77°
Baton Rouge, Louisiana
7 Day Forecast
Follow our weather team on social media

Blaire Bass: Auburn Road to Recovery

Related Story

NEW ROADS, LA - Blaire Bass celebrated signing day like any other high school senior.

A big celebration in the gym of her school, Catholic of Pointe Coupee, surrounded by family and friends congratulating her as she signed with Auburn. But the road leading east to Auburn, Alabama was neither smooth nor easy. 

Bass was involved in a major car accident before her sophomore year that threatened her life and her ability to move.

"We prayed that she could walk," Blaire's mom, Melissa Bass said. "We didn't know. Probably 3 or 4 days when they got her up actually and she was a fighter."

Bass broke her arm, had multiple breaks in her leg, and a brain contusion. She required two rods, six screws, plastic surgery on her face and she needed a spine infusion. 

"Of course I was fortunate enough to be alive but I wanted to play softball," Blaire Bass said. "I wanted to get back on the field and get a scholarship that I have now so it was a frustrating time."

There were other disappointments along the way. Beth Torina and the LSU Tigers, once high on Bass, backed away after the injury. Meanwhile the hornets won the state title the following season, a championship bass had to watch from the sideline.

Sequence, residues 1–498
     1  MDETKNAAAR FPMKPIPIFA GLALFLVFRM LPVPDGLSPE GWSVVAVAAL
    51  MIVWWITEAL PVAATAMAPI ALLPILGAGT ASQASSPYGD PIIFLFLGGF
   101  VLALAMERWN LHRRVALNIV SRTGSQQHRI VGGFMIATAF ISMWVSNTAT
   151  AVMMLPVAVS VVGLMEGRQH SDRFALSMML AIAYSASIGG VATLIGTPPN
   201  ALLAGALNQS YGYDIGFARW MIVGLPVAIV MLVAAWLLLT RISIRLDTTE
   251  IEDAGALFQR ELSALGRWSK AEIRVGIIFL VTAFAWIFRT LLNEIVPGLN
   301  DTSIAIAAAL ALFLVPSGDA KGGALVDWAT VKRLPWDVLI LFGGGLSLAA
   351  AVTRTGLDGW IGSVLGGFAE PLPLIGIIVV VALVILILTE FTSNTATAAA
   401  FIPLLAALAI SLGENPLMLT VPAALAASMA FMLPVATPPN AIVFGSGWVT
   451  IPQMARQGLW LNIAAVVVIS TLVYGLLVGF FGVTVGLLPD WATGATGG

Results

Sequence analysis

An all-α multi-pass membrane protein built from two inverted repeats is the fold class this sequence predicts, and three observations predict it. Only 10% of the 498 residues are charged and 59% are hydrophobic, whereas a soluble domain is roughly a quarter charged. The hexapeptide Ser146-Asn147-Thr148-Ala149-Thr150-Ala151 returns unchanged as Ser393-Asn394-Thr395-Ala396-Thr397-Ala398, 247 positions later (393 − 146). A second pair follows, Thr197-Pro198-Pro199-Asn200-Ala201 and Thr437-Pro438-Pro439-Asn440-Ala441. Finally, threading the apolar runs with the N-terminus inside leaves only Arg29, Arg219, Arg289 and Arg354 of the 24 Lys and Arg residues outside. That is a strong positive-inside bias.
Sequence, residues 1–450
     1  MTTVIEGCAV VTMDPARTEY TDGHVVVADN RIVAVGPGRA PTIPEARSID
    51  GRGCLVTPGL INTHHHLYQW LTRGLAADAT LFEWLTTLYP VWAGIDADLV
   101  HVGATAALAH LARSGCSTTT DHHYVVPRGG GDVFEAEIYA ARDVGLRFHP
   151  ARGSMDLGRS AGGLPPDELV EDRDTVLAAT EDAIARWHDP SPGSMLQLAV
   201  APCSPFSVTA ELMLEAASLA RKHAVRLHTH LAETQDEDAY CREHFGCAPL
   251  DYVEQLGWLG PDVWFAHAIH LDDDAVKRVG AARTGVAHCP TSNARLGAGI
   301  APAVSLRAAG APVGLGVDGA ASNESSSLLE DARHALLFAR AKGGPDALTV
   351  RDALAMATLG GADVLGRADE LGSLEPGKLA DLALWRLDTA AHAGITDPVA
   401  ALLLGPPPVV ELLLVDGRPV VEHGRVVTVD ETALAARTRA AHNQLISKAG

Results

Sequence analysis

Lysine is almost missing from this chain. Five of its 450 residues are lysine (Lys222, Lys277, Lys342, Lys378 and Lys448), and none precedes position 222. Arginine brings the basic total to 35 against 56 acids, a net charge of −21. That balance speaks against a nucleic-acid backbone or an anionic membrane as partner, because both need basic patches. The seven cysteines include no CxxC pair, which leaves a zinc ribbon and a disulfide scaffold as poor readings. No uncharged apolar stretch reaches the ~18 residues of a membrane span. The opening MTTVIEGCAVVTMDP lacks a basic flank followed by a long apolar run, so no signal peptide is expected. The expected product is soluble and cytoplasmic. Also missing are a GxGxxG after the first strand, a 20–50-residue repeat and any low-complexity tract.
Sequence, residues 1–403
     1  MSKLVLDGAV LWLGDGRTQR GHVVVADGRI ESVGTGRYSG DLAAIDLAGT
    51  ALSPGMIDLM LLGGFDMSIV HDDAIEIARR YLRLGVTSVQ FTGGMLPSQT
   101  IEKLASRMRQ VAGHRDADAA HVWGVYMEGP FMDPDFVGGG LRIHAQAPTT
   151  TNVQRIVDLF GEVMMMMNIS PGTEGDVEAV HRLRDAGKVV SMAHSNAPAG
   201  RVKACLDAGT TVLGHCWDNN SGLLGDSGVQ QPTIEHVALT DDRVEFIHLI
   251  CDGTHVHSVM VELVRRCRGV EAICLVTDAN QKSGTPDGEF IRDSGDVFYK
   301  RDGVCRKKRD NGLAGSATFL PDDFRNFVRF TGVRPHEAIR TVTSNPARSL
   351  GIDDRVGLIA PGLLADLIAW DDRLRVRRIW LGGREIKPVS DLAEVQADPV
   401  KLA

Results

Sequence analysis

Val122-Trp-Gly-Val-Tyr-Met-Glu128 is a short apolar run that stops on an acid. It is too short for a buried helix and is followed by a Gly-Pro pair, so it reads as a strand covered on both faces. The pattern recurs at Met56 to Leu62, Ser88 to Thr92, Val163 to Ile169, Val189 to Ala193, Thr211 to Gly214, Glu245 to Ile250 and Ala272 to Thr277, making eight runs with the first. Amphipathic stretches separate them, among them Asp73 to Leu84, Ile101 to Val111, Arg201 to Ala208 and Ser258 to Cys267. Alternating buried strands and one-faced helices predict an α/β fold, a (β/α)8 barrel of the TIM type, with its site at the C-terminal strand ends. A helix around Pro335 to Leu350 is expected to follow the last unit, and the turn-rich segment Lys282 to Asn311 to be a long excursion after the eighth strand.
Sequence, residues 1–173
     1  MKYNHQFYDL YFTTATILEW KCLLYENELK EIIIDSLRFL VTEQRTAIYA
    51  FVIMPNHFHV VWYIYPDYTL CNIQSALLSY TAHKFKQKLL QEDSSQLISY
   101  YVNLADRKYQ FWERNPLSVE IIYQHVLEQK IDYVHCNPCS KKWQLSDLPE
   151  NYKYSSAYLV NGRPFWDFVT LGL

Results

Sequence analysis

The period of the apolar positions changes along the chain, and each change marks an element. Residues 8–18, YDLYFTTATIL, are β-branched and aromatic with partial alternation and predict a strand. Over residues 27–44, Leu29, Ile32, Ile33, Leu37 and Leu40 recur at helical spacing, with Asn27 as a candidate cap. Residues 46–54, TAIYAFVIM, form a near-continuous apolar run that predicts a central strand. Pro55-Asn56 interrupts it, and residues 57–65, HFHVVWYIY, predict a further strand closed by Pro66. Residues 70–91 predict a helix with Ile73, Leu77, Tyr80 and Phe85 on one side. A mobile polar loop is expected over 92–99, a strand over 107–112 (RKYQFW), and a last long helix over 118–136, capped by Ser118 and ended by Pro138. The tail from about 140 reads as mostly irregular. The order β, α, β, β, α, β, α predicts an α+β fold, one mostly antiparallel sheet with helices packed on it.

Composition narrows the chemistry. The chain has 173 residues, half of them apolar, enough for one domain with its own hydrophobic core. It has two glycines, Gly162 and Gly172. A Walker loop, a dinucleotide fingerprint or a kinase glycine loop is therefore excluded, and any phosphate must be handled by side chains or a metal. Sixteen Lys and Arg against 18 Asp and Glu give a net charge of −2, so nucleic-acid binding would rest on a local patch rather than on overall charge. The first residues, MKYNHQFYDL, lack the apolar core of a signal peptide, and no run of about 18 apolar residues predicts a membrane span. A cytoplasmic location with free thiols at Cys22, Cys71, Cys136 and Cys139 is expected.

"I was not able to touch a softball for a whole year so I didn't know where I'd end up," Blaire said.

"Blaire's wanted to be successful," Lauren Doucet, Blaire's coach at Catholic of Pointe Coupee, added. "She said for a long time she wanted to play in the SEC to go to a large division one school she was determined and refused to be told no."

Blaire returned to the field as a junior, promptly hit .372 with 2 home runs and 21 RBI.
She earned a scholarship offer from the Tigers of Auburn, which she signed last month in November.

Blaire now says she feels even better than she did before the accident. It's due to her determination and will power, as the last thing she's looking for is the pity of other people.

"I don't want anyone to feel sorry for me for what I have," Blaire explained. "I can't control what I have. I just want to be a normal person working hard playing the sport that they love."

News

Desktop News

Click to open Continuous News in a sidebar that updates in real-time.
Radar
7 Days